KINDNESS FOR THE HOLIDAYS
The holiday season can be a challenging time, particularly regarding family dynamics. Here are some resources that can help you navigate this time with kindness towards others and towards oneself.
MOVING FROM DRAMA TO EMPOWERMENT
The "drama triangle" is a concept that in interpersonal conflicts, we tend to take on one of three roles: victim, rescuer, or persecutor. By building our awareness of when we are playing one of those roles, we can make a conscious effort to step out of that role into a more productive approach. Greater awareness of these roles can also help us have more patience and compassion for others, by seeing that their "problem behaviors" may come from being trapped in one of those roles. The drama triangle concept has been expanded to include a fourth role, making it a "drama wheel" with four roles: victim, rescuer, persecutor and opponent.
A new concept adds even more power: the idea that we can make a conscious effort to take on empowerment roles, rather than drama roles. Those four empowerment roles are creator, coach, champion and challenger. By learning how to play these roles, we can reduce and resolve interpersonal conflict, reduce our own stress levels, and build more positive relationships. Here are some resources that explain how to move from drama to empowerment:
Videos: There are three short powerful videos here and one longer one (half an hour). Highly recommended to watch/listen to all four.
INCREASING OUR UNDERSTANDING OF OUR KINDNESS AND OF OTHERS'
Another way to navigate interpersonal conflict is to increase our awareness of our own and other people's kindness. When we begin to see how we are all a mixed bag of kind and not-so-kind behaviors, it can give us more compassion for ourselves and others, and conflict can be reduced without even having to negotiate anything. We simply become more comfortable with what it means to be human, for ourselves and for those around us.
Click here for a kindness assessment you can use to better understand yourself and others. On the left-hand side is a list of different ways we can show kindness. Think about and circle which of these you're really good at and/or most comfortable with. Also identify with an arrow which ones you're not so good at and/or least comfortable with. Then, using the different columns, you can reflect on whether you exhibit the kindness traits differently with different groups, i.e. your family, friends, workplace, etc. By completing this self-assessment, you will have a better idea of your "kindness super powers" that you can bring to bear in stressful or conflictual situations and you will have a better idea of which areas of kindness you might want to improve.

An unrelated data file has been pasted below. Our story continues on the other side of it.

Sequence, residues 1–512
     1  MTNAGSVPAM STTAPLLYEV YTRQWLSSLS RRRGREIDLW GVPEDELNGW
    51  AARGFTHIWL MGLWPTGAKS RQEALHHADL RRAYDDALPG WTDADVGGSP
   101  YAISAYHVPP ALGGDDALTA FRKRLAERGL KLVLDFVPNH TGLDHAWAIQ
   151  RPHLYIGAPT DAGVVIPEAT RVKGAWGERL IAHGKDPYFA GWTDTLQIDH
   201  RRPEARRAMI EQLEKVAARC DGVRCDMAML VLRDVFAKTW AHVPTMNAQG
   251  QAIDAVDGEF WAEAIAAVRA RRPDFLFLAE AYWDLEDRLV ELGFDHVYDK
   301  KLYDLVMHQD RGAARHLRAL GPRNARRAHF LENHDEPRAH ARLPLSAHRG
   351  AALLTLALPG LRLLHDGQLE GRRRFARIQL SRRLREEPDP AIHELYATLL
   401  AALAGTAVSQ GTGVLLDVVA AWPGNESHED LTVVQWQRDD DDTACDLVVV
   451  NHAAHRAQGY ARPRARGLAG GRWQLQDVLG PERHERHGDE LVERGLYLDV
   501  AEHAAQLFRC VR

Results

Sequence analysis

After you've completed the assessment for yourself, you can then assess someone you find particularly challenging - a family member, friend, co-worker, etc. First identify which of the kindness traits on the left-hand side they are best at, even though you might overall not think of them as kind. For example, you might have a co-worker who you don't consider kind in many categories, but you're aware that they are very authentic - you always know where they stand. Then assess, to the best of your knowledge, how kind they are towards people in the different groups along the top. For example, you might have a co-worker who is not very present or engaged at work and seems aloof, but you're aware that they often go to their children's school activities and are very involved and devoted to their family. By better understanding others in our lives, we can be more accepting of them and we may be better equipped to figure out how to relate to them in ways that reduce tension and conflict.
Approaching the holidays with confidence can make a big difference. Confidence can help us to set our own limits with care for ourselves and others. Confidence can help us use the tools above effectively.
Here are some poems and essays that can provide inspiration when you are going into stressful interpersonal situations:
What If (We Were Beloved) (Jeff Edelstein)
If You Knew (Ellen Bass)
Adrift (Mark Nepo): slightly reframed in the spirit of autumn’s falling leaves.